A series of earthquakes in Oklahoma occurring within hours of one another has added evidence to earlier scientific claims that unusual seismic activity in the state recently is caused by fracking-related operations, according to independent news website MintPress News.
Last week, seven earthquakes with magnitudes between 2.6 and 4.3 were recorded in a period of 14 hours. Earlier this year, the U.S. Geological Survey and the Oklahoma Geological Survey stated that the increase in the number of earthquakes was likely linked to fracking wastewater "injected into deep geologic formations." According to the statement, such events have been recorded in the United States for almost 50 years and have recently occurred in other locations, including Colorado, Arkansas, Ohio and Texas.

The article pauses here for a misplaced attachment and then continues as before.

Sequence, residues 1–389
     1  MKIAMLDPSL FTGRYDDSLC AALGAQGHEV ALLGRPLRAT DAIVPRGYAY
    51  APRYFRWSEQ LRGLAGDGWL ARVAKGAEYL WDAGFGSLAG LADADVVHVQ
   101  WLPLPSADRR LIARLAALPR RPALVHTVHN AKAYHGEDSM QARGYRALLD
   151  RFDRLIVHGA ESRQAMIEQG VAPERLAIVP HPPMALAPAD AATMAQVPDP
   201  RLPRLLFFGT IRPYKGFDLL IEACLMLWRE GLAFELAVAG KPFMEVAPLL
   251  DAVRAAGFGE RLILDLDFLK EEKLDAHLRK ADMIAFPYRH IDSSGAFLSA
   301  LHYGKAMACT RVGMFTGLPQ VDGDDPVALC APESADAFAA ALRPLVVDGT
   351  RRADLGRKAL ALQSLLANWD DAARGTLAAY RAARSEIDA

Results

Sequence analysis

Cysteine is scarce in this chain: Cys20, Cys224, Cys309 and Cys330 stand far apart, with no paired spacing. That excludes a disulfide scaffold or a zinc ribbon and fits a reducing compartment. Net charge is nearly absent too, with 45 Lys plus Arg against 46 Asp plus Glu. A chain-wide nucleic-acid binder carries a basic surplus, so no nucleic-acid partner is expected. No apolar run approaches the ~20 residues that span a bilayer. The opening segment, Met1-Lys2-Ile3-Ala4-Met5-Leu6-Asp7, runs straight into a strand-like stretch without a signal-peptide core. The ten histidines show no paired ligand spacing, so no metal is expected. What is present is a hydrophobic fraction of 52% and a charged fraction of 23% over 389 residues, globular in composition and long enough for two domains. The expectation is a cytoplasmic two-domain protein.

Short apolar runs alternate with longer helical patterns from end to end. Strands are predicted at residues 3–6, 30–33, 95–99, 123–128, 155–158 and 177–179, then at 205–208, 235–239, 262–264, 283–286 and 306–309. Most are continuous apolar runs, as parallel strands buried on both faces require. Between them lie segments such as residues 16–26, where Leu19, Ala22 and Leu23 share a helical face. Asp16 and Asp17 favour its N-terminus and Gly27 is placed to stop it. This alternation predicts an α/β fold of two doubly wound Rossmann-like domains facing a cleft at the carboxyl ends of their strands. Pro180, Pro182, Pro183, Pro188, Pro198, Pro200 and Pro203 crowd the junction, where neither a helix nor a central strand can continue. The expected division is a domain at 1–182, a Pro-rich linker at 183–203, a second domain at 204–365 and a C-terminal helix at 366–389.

Scientists believe that it is not drilling to extract oil or natural gas from shale rock formations that is directly linked to seismicity, but the common practice of disposing of wastewater in underground wells. Even though the link has not been definitely proved, the U.S. Geological Survey has already started researching the phenomenon by mapping what it refers to as induced, or man-made, earthquakes.
Residents of Oklahoma had already asked for a moratorium on wastewater injections at a town meeting in June but state officials and scientists believe that such a move could impede studying the earthquakes and their mechanism.